Parents' Guide to

2001: A Space Odyssey

By Nell Minow, Common Sense Media Reviewer

age 12+

Kubrick's sci-fi masterpiece is still relevant.

Movie G 1968 141 minutes
2001: A Space Odyssey Poster Image

A Lot or a Little?

What you will—and won't—find in this movie.

Community Reviews

age 12+

Based on 29 parent reviews

age 12+

This 1968 visionary masterpiece about human error is undoubtedly a masterpiece for all ages old enough to understand

2001: A Space Odyssey follows Dave, a member of the discovery crew en route to Jupiter lead by Hal 9000, a super-computer intelligence completely free of error, or so he says. The film’s story is told along three different chapters, one of which takes place during the dawn of man, another following a government official discovering the first signs of alien life and the third (taking up most of the movie) following Dave on the discovery. This third chapter in particular is very intense and frightening, as there are scenes of mostly implied murder and intense imagery and peril. The scene is not recommended for general audiences aged 12+ due to content, however, it is solely due to the complexity of the film. VIOLENCE: MILD While the violence isn’t graphic, brutal or bloody, there are times when scenes in which violence is taking place can be quite intense and shocking. The entire film from start to finish has an eerie, dark tone and the film borders on horror at times during the final act where multiple people are murdered in various ways off camera. An ape violently beats another ape to death with a bone. The ape twitches and shakes on the ground before being beaten to his eventual death. There is no blood shown but the scene is meant to show that apes revolutionized to humans during the discovery of violence. A man floats through space in order to fix a satellite dish on the top of the space station. The entire scene is accompanied by his breathing during this process. Eventually, however, the robot in charge of the mission goes haywire, attacking the man somehow during his float through space. The breathing stops and he goes flying through space quickly, implying he was struck with an object or lost life support. His body (which is likely dead) floats through space. Another man retrieves it with his ship, but has to let the body go into space. He is killed. A man turns on the emergency door in his “pod” so that he may fly into his space station without a helmet. This is extremely dangerous as his head could likely explode from pressure. He tenses his face, and the door explodes and he goes flying out quickly shutting the airlock. He survives but the scene is very suspenseful. Several people in cryosleep have their life support shut off by a robot who has lost its sanity. Their vitals are shown flatlining in the intense and shocking scene one by one. Each of their vital systems turn off one by one making their deaths, while not shown, very intense. LANGUAGE: MILD A brief use of “damned” and a few uses of “hell”. There is essentially no use of profanity and the film is almost completely clean in every way. OVERALL: 12+ for some violent material and intense/frightening images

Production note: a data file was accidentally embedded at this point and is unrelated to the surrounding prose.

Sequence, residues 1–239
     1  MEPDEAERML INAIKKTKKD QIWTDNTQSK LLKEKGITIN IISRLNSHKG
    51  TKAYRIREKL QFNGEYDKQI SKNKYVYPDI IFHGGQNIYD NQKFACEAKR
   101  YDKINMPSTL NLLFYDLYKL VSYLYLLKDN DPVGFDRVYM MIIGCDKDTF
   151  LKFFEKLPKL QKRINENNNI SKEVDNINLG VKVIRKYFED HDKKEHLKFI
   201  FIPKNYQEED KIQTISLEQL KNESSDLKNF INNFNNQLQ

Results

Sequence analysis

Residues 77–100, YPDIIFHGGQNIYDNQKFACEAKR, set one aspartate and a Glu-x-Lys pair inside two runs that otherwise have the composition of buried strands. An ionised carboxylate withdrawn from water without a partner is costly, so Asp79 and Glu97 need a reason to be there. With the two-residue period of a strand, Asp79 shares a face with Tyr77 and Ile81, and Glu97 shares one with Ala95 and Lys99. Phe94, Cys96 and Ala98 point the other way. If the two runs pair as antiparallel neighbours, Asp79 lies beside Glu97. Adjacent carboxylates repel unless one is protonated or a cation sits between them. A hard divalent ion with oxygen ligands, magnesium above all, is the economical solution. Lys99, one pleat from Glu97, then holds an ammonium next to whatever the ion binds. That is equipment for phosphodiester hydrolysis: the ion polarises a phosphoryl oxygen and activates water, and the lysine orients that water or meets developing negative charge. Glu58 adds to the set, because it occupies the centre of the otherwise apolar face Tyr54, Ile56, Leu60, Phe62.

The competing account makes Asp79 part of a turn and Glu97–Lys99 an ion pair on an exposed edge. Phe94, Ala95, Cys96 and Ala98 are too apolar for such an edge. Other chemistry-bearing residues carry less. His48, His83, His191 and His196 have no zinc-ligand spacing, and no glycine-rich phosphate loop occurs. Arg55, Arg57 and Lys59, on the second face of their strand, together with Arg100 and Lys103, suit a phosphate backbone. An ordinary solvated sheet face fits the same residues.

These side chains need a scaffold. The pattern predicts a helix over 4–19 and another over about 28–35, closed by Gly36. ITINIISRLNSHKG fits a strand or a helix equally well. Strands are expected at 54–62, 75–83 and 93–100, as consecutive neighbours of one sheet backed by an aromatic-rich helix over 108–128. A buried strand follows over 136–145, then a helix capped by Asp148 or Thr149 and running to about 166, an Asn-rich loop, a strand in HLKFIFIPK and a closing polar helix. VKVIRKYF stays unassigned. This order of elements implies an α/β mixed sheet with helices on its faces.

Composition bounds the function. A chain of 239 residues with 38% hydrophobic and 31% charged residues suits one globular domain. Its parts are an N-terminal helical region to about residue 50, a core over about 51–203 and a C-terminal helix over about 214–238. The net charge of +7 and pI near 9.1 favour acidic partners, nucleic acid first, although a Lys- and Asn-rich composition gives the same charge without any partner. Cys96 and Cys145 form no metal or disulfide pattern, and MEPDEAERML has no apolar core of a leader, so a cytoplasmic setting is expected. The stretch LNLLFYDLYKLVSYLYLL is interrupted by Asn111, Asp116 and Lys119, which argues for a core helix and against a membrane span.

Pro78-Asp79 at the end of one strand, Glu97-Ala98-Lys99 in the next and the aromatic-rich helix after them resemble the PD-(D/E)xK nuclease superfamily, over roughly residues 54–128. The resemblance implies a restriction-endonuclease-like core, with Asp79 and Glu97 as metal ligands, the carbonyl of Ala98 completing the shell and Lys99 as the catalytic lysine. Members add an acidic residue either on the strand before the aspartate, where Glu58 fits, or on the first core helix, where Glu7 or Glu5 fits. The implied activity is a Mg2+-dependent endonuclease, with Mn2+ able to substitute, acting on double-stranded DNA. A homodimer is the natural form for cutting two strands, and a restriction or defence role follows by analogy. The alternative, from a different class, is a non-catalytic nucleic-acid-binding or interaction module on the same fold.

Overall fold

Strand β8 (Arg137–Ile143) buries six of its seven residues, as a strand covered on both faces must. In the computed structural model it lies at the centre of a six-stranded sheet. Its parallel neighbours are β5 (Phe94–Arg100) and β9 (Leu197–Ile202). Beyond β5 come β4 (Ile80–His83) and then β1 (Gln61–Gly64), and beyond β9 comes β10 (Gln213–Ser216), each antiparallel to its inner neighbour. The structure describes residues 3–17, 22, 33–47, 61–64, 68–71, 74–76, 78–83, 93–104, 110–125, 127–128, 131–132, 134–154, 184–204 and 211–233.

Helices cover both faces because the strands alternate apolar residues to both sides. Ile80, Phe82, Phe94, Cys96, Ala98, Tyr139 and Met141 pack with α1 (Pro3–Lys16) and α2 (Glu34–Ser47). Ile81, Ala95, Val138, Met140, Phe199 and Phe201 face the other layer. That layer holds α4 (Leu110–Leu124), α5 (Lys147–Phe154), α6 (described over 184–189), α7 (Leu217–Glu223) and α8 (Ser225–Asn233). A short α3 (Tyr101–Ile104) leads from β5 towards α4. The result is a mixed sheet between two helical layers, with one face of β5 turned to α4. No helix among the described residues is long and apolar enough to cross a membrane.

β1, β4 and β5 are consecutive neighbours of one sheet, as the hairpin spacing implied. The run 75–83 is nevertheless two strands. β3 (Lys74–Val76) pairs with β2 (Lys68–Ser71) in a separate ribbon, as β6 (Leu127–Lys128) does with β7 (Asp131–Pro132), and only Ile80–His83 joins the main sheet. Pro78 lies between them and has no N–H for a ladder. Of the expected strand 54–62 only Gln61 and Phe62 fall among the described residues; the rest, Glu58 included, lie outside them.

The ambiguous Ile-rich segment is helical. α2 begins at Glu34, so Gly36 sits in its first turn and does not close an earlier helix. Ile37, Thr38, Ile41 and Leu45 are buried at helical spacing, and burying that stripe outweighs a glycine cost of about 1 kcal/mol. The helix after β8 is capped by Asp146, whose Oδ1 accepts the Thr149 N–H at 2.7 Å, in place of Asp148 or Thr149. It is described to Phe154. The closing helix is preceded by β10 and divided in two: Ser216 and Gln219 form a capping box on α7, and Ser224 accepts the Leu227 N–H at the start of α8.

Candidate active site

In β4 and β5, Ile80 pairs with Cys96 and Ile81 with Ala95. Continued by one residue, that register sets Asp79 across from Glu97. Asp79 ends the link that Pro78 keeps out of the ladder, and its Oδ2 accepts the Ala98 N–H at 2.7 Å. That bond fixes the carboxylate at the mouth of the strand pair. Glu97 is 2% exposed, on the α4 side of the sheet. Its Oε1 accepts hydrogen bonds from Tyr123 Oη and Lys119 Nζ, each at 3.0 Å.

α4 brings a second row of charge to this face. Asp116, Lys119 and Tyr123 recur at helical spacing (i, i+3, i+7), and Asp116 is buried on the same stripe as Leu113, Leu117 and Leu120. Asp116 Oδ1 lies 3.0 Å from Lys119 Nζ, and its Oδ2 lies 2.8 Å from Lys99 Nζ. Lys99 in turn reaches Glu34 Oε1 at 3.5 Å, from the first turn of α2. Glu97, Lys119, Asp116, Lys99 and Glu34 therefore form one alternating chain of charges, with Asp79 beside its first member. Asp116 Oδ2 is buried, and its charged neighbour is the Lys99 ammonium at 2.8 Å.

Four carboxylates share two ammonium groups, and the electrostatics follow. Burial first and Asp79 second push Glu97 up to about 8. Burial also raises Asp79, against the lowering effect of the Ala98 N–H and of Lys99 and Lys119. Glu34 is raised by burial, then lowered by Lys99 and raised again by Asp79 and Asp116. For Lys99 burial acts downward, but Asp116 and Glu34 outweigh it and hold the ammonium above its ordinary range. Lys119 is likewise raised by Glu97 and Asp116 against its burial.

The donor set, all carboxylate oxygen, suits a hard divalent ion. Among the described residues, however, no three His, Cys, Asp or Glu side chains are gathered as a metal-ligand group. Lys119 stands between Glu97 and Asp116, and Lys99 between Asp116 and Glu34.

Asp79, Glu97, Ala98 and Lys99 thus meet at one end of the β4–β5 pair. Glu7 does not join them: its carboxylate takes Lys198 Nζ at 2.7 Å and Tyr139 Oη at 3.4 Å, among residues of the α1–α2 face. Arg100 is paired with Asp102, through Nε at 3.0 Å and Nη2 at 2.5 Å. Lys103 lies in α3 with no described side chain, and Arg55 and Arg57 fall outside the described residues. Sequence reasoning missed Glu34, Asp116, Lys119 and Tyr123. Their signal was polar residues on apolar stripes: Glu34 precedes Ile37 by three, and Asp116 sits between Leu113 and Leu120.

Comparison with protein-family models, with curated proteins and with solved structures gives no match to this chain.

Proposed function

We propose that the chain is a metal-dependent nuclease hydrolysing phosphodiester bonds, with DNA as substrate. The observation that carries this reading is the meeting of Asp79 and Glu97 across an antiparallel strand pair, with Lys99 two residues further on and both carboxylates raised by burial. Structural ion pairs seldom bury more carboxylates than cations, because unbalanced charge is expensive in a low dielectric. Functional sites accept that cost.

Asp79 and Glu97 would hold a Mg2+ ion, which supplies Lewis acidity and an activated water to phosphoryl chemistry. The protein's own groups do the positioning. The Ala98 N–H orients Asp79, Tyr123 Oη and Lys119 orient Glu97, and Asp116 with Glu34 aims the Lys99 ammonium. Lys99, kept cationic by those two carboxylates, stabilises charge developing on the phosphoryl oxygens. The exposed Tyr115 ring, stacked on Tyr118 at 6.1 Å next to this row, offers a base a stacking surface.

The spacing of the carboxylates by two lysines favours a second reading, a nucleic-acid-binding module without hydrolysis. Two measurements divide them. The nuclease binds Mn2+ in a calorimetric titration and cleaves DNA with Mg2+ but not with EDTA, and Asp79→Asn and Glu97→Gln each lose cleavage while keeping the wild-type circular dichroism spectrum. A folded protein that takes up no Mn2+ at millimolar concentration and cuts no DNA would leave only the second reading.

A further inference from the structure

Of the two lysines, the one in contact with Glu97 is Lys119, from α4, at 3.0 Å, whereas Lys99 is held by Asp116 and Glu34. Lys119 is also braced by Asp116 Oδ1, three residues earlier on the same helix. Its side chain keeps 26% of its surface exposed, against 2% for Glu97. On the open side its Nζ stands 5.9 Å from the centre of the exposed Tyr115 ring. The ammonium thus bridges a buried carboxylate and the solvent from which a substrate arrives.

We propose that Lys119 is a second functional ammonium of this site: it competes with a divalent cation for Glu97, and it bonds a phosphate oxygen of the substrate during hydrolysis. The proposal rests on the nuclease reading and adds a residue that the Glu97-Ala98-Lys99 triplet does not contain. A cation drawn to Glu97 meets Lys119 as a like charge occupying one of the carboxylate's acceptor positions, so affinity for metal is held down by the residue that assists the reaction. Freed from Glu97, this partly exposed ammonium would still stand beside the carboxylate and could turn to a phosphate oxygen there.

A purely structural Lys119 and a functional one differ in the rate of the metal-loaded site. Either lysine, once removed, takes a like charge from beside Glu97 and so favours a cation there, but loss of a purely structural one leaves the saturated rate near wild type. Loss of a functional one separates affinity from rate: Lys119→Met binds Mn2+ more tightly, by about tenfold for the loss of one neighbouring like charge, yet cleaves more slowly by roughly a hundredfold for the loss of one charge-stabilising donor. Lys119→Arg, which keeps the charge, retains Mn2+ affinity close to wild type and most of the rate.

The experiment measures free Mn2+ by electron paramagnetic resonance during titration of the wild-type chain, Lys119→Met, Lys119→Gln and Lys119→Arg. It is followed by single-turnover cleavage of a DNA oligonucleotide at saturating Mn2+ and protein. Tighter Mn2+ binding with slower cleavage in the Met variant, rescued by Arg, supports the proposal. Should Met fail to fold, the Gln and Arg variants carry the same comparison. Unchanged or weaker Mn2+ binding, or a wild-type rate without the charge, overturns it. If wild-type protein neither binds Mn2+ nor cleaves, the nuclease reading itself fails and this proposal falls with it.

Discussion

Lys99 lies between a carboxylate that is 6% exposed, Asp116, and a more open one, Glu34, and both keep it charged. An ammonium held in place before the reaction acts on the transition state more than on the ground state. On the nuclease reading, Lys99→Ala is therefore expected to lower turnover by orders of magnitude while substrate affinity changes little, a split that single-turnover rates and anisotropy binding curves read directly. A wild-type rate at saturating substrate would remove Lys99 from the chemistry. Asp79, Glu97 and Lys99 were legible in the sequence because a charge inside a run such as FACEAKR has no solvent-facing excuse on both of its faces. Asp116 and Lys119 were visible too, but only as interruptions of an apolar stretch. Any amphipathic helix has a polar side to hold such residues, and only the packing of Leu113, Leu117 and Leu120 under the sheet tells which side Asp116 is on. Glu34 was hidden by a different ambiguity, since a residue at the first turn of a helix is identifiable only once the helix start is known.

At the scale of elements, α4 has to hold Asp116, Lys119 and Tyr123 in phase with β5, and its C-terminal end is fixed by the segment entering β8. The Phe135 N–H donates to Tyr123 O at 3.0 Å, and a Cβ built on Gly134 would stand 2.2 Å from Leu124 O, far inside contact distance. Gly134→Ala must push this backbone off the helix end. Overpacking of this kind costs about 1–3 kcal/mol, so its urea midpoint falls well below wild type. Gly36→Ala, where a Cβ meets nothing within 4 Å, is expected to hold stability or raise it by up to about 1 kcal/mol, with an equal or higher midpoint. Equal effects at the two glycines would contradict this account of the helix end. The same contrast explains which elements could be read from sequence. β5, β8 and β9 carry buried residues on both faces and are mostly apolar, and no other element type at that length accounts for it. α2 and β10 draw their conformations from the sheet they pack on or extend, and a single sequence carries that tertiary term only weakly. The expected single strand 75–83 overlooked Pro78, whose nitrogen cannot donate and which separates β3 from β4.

age 7+

Some scary moments, but nothing too objectionable.

Is It Any Good?

Our review:
Parents say (29 ):
Kids say (103 ):

This science fiction masterpiece can be a mind-boggling experience for kids old enough to handle it. In a series of dramatic vignettes, 2001: A Space Odyssey introduces kids to cosmic mysteries and gives them an opportunity and an incentive to grapple with issues that span the millennia. Younger tweens may be impressed by the drama, the special effects, and the beautiful music but may have a hard time following the plot. In addition, they will lose patience with some of the longer segments dealing with space exploration. (The special effects used by Kubrick were revolutionary in their day but will seem commonplace to children raised on Star Wars and Star Trek: The Next Generation.)

Even older kids may not appreciate the subtle references to political rivalries and intrigue on earth, the cover-up of mysterious developments on the moon, or the more ironic aspects of the clash between man and machine (HAL the computer plaintively crying that he is afraid and that he can feel his mind going is a poignant example). But most teenagers cannot help but be swept up in this film, which stretches their minds and gives them mysteries and uncertainty instead of endings where everything is neatly tied up with a bow. As kids strive to deal with the uncertainty of the ending ,and fill in its gaps and illuminate its gray areas by drawing upon their own personality and sense of the world, they are on their way to appreciating greater and more mature forms of art.

Movie Details

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